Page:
Where can you find information? Who should be on your “team?” A mastectomy vs. the less invasive lumpectomy? What are lymph nodes and why are they important?
These are a few of the most important questions you will face when diagnosed with breast cancer. McLeod Breast Cancer Surgeon Dr. Amanda Turbeville offers these insights:
Here are highlights of Dr. Turbeville’s comments:
There are a couple of important things that a woman should think about when she is facing breast cancer surgery.
First, gather all of the information about breast cancer that you can. There are websites with the American Cancer Society, Susan G. Komen, as well as McLeod Health that are great resources. McLeod Health also has a cancer specialist (that you can find on the website www.McLeodHealth.org) to answer specific questions.
You need to pull together your treatment team. Generally, it is headed by your surgeon, but you will also want to include a nurse navigator, your oncologist and (if you’re considering reconstruction) a plastic surgeon. In addition, you will want to pull together your emotional team — family, friends, church members and pastors, whoever you lean on for support.
You need to understand that you are going to be faced with a lot of decisions and not all of the answers are going to be clear cut. Don’t panic because you are going to have time to make an educated decision. While you don’t want to delay, you don’t need to rush into anything.
Under certain circumstances people with breast cancer can choose between a mastectomy or a lumpectomy, which is considered breast conservation therapy. A lumpectomy is almost always followed by radiation. It is as effective as a mastectomy for a woman that has cancer in one side of the breast or a tumor less than 4 cm (1.5 inches). You do need “clear margins” for a lumpectomy, which means the tissue surrounding the tumor has to be completely free of cancer. Radiation therapy after a lumpectomy can affect the reconstruction timing and also the type of reconstruction available to the patient.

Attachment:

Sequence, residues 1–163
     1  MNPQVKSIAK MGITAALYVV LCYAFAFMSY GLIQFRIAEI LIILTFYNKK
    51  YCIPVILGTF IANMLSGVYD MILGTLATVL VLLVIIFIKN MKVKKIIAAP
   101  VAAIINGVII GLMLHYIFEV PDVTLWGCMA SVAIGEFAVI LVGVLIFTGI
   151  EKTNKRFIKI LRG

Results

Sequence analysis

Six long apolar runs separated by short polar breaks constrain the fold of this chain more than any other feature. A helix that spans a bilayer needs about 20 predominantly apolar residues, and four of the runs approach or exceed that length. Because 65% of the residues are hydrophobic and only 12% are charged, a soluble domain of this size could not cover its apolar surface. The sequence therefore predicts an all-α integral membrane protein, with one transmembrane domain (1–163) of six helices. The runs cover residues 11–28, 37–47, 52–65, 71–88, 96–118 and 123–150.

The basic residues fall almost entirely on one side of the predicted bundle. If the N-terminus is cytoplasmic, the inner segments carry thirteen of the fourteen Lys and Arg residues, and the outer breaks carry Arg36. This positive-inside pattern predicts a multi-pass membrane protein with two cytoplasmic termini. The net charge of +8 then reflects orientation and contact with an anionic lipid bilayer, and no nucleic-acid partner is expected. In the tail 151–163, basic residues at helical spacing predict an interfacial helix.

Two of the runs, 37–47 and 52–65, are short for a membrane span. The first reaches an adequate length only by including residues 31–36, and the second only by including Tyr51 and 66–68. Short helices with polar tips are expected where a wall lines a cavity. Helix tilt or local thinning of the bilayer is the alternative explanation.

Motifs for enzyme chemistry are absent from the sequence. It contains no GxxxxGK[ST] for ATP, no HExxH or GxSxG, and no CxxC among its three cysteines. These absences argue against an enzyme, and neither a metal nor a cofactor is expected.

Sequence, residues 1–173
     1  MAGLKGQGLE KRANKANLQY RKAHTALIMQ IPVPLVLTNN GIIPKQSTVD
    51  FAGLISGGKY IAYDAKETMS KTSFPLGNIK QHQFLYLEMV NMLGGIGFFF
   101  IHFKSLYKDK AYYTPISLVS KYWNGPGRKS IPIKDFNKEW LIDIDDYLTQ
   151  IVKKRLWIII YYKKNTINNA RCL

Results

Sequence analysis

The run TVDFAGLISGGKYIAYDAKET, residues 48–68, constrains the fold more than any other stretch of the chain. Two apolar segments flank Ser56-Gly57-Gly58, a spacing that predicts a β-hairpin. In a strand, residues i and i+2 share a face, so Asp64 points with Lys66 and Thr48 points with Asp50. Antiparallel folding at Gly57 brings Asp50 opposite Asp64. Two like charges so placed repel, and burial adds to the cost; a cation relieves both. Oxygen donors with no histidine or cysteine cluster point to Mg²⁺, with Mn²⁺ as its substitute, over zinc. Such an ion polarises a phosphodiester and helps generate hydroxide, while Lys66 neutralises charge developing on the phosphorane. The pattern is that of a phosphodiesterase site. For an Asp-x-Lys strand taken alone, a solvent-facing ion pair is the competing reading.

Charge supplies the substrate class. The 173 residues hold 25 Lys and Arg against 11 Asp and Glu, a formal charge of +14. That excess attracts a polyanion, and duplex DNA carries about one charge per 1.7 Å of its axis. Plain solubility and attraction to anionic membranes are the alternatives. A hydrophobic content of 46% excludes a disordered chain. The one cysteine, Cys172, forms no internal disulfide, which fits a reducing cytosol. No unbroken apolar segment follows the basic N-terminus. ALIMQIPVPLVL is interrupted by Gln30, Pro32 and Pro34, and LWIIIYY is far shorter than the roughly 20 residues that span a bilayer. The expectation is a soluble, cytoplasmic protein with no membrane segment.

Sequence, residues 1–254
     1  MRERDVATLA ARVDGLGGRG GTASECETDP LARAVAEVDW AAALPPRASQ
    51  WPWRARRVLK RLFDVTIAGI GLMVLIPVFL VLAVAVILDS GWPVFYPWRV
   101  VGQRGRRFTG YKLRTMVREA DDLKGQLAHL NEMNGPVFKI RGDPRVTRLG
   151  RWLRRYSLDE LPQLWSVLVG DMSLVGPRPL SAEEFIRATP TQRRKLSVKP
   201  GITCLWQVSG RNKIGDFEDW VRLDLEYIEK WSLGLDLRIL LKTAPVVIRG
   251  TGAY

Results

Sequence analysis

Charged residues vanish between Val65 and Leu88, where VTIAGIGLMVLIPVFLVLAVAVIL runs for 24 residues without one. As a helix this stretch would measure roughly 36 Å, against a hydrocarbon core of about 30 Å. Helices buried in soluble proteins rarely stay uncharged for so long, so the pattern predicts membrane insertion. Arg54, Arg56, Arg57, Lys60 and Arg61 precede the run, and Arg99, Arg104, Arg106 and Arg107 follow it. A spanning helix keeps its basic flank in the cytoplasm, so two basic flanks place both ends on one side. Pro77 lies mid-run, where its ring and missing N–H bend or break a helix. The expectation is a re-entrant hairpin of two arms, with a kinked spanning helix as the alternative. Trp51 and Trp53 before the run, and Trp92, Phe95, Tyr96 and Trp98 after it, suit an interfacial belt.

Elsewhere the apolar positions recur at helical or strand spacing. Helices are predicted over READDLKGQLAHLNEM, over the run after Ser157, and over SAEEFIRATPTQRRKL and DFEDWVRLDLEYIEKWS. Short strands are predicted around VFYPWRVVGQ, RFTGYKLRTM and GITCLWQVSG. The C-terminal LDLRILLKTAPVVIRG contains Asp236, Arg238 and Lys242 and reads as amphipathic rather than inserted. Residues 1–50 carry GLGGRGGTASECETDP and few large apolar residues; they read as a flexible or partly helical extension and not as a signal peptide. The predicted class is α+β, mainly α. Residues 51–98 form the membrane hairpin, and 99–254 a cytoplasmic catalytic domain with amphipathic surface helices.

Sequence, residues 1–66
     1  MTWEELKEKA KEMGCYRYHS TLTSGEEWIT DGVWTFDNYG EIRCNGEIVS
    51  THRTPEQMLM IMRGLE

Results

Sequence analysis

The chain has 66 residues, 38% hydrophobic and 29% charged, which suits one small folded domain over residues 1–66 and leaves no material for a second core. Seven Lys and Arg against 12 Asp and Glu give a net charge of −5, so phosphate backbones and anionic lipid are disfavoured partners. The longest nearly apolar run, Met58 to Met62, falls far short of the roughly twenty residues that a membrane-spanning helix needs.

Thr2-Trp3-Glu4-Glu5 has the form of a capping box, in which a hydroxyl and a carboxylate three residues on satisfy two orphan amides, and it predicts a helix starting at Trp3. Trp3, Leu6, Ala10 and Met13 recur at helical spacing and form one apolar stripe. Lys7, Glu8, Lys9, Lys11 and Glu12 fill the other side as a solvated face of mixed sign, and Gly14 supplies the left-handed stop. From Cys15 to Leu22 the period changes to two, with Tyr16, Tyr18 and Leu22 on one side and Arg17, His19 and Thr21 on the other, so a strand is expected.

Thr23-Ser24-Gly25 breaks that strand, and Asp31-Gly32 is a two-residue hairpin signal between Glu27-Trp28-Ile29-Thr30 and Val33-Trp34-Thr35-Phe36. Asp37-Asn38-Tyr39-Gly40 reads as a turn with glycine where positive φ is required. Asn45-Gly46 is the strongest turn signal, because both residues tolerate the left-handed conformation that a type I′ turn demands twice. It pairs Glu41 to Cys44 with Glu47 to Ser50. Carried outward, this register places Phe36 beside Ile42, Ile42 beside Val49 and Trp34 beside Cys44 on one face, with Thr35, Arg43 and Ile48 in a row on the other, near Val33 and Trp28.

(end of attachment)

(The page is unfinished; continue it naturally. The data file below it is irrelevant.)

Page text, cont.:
Some people have anxiety related to a breast cancer diagnosis. For those people, there is an option of a mastectomy to completely remove the breast, alleviating fears of breast cancer coming back. Many women with a mastectomy have reconstruction at the same time as surgery.
Your lymph nodes are a filter that drains your body’s lymphatic system. This is why lymph nodes are likely to catch or filter out cancer cells that might be floating in the fluid as it drains away from the cancerous area of the breasts. And those under your arm — the axillary lymph nodes – are relatively easy to get to during surgery. It is very common to remove all or some of these lymph nodes.
The sentinel lymph node dissection is a newer technique. It offers an option to axillary lymph node dissection, where we remove all the lymph nodes under the arm. In some women, a sentinel node procedure can spare them more invasive surgery. However, the sentinel lymph node biopsy is not appropriate for everyone. It has its own limitations and has to be performed by a surgeon who has experience with this technique.
The sentinel lymph nodes are the first to filter the fluid draining away from the area of the cancer. If the cancer cells are breaking away from the tumor, they will be filtered by these lymph nodes first. Removal of one to two lymph nodes under the arm can help assess the lymph node status and if you have a small breast cancer or don’t have any abnormal lymph nodes before surgery, this can be a good technique for you.
Have a question? Ask a Cancer Specialist.